Examples of alpha-blockers are:

  • doxazosin mesylate (Cardura)
  • prazosin hydrochloride (Minipress)
  • terazosin hydrochloride (Hytrin)

Possible side effects of alpha-blockers include:

  • rapid heart rate
  • a drop in blood pressure when standing up
  • dizziness
  • headaches
  • nausea
  • feeling tired, weak, or lethargic
  • disturbed sleep
  • skin rash or itchiness
  • loss of bladder control in women
  • erectile dysfunction in men

Other substances that lower blood pressure may cause a dangerous drop in blood pressure when taken alongside alpha-blockers. These substances include:

Alpha-blockers may make the following medical conditions worse:

A fall in blood pressure when taking these drugs can lead to faintness and dizziness and a higher risk of falls, which can lead to fractures.

Similar to alpha-blockers, these drugs lower blood pressure by preventing the release of norepinephrine.

Methyldopa is an alpha-2 receptor agonist.

Alpha-2 receptor agonists can cause:

  • tiredness
  • drowsiness
  • dizziness

People should speak with their doctor before using these drugs if they:

A doctor may prescribe a drug with both alpha- and beta-blocker activity. The alpha-blocker activity decreases the narrowing of blood vessels, while the beta-blocker activity slows the heart rate, causing it to pump blood less forcefully.

Doctors may give combined alpha- and beta-blockers in an intravenous (IV) drip to people experiencing a hypertensive crisis. This is when blood pressure rises rapidly to a dangerously high level.

They may also prescribe them for people with a high risk of heart failure.

One example of this type of drug is carvedilol (Coreg).

People may experience the side effects of both alpha- and beta-blockers.

Some types of combined alpha- and beta-blockers may interact with the following medications:

They may also not be suitable for people with:

  • asthma
  • COPD
  • slow heart rate
  • liver disease
  • diabetes

Central agonists lower blood pressure by preventing the brain from sending signals to the nervous system to increase heart rate and constrict blood vessels.

As a result, the heart pumps blood less forcefully, and blood vessels remain open.

Examples of this type of drug are:

  • alpha methyldopa (Aldomet)
  • clonidine (Catapres)
  • guanabenz acetate (Wytensin)
  • guanfacine hydrochloride (Tenex)

Depending on the drug, central agonists can cause the following side effects:

  • feeling faint or weak, especially when standing up
  • drowsiness or lethargy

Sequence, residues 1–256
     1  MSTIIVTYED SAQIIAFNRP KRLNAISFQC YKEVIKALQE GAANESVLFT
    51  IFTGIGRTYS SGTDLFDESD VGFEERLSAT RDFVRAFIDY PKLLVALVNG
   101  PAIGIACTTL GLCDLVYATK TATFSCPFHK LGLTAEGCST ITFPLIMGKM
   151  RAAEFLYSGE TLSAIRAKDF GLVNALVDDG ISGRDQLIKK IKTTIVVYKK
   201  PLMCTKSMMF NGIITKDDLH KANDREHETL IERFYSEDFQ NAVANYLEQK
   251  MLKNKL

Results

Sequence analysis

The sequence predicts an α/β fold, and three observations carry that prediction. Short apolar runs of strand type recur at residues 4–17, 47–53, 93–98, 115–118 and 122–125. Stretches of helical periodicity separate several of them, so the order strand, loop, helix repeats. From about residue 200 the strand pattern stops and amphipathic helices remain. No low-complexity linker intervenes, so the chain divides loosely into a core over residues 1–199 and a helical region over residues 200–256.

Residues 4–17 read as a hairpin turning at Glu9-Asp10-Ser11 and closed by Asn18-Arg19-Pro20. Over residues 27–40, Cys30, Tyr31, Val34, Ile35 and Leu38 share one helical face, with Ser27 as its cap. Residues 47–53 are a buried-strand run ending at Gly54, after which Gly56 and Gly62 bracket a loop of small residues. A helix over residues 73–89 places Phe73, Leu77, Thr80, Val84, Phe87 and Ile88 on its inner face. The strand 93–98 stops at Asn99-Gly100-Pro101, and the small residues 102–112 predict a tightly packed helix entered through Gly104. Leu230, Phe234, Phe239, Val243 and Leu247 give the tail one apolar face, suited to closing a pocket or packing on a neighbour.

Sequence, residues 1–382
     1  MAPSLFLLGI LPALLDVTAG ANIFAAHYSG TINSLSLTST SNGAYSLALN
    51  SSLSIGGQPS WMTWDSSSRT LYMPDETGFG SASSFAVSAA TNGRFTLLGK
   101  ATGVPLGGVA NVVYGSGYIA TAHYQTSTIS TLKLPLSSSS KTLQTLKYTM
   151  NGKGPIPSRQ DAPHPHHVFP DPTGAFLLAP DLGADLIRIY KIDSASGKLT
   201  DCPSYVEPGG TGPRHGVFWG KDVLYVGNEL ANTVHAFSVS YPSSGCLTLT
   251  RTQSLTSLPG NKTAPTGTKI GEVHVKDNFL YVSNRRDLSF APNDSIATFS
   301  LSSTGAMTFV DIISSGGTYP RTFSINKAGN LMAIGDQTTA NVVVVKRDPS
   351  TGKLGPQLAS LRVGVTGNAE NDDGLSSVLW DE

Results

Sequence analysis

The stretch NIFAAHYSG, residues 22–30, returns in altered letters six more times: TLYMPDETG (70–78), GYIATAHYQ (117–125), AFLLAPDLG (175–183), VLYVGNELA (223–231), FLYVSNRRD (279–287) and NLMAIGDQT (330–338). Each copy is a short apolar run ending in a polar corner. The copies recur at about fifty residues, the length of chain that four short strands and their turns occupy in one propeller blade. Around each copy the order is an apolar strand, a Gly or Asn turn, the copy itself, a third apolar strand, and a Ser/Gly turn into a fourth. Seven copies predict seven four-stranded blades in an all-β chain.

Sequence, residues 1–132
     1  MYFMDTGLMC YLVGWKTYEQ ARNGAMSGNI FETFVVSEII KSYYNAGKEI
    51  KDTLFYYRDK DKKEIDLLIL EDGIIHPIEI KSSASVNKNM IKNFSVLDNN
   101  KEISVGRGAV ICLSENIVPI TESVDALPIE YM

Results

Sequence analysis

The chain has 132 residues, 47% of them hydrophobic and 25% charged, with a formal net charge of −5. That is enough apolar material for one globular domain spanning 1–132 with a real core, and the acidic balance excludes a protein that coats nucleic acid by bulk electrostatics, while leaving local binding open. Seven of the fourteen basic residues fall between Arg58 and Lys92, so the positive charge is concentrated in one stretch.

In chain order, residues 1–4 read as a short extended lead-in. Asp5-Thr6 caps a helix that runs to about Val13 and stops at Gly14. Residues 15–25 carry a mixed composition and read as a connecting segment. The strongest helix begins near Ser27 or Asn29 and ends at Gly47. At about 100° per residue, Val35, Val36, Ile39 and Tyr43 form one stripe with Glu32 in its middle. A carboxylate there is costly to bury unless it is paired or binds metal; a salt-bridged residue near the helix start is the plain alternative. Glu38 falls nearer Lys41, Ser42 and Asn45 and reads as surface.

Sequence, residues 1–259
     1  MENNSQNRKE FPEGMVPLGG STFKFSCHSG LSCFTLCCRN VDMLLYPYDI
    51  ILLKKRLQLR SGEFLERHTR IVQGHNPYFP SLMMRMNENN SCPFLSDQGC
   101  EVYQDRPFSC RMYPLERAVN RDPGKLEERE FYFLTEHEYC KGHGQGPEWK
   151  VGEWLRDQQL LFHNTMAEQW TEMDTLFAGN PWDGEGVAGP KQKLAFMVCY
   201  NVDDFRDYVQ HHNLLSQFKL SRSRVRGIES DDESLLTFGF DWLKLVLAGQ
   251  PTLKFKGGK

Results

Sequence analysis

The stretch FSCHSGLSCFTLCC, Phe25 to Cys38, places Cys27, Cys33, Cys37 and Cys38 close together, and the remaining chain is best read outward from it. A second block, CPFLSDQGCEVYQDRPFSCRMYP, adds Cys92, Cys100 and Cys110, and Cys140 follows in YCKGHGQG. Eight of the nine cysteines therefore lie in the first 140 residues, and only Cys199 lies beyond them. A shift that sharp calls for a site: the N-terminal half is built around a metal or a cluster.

• dry mouth
  • fever
  • anemia
  • erectile dysfunction
  • constipation
  • nasal congestion
  • pancreatitis
  • liver disease

The following substances can cause a person’s blood pressure to drop too low when combined with central agonists:

  • alcohol
  • sleeping pills
  • anti-anxiety medications
  • medications classed as benzodiazepines and barbiturates

Central agonists may increase the symptoms of:

Peripheral adrenergic inhibitors (PAIs) block the neurotransmitters in the brain that cause blood vessels to constrict.

Blocking these receptors allows the blood vessels to stay relaxed and open, lowering a person’s blood pressure.

Doctors usually prescribe PAIs only if other blood pressure medications have been ineffective.

Examples of this type of drug are:

  • guanadrel (Hylorel)
  • guanethidine monosulfate (Ismelin)
  • reserpine (Serpasil)

There are several types of PAI, and the side effects differ between types. Possible side effects include:

  • nasal congestion
  • heartburn
  • diarrhea
  • lightheadedness, dizziness, or weakness when standing up
  • fainting
  • low blood pressure
  • erectile dysfunction
  • depression
  • bad dreams

Some PAIs may interact with the following substances:

  • alcohol
  • asthma medications
  • diuretics
  • other blood pressure medications

Anyone who wishes to stop taking tricyclic antidepressants while using a PAI should speak with a doctor. Stopping these medications too quickly while taking certain PAIs can cause a dangerous drop in blood pressure.

Some types of PAIs may not be suitable for people with certain medical conditions. These conditions include:

Vasodilators, or blood vessel dilators, relax and widen the walls of the blood vessels, allowing blood to flow through them more easily. Direct-acting vasodilators specifically target the arteries.

Two types of direct-acting vasodilators are hydralazine hydrochloride (Apresoline) and minoxidil (Loniten).

Minoxidil is the more potent of the two drugs. Doctors usually prescribe it to people with persistent and severe high blood pressure.

Hydralazine hydrochloride may cause the following side effects, which usually subside within a few weeks of beginning treatment:

Possible side effects of minoxidil include:

The following drugs may enhance the effects of vasodilators:

  • diuretics and other blood pressure medications
  • medications for erectile dysfunction, such as sildenafil (Viagra), tadalafil (Cialis), or vardenafil (Levitra)

Taking erectile dysfunction medications in combination with a vasodilator can cause a life threatening drop in blood pressure.

Depending on the type, vasodilators may not be suitable during pregnancy or for people with the following conditions:

Some blood pressure medications are not safe to take during pregnancy. Some medications may be suitable during specific trimesters, while others pose risks throughout pregnancy.

People who are pregnant or planning on getting pregnant should talk with their doctor about treatment options for high blood pressure.

There are many types of blood pressure medications. A doctor will consider the underlying cause of high blood pressure, as well as other health conditions and medications.

Anyone experiencing long-term or intolerable side effects from a blood pressure medication should speak with a doctor, who may prescribe an alternative.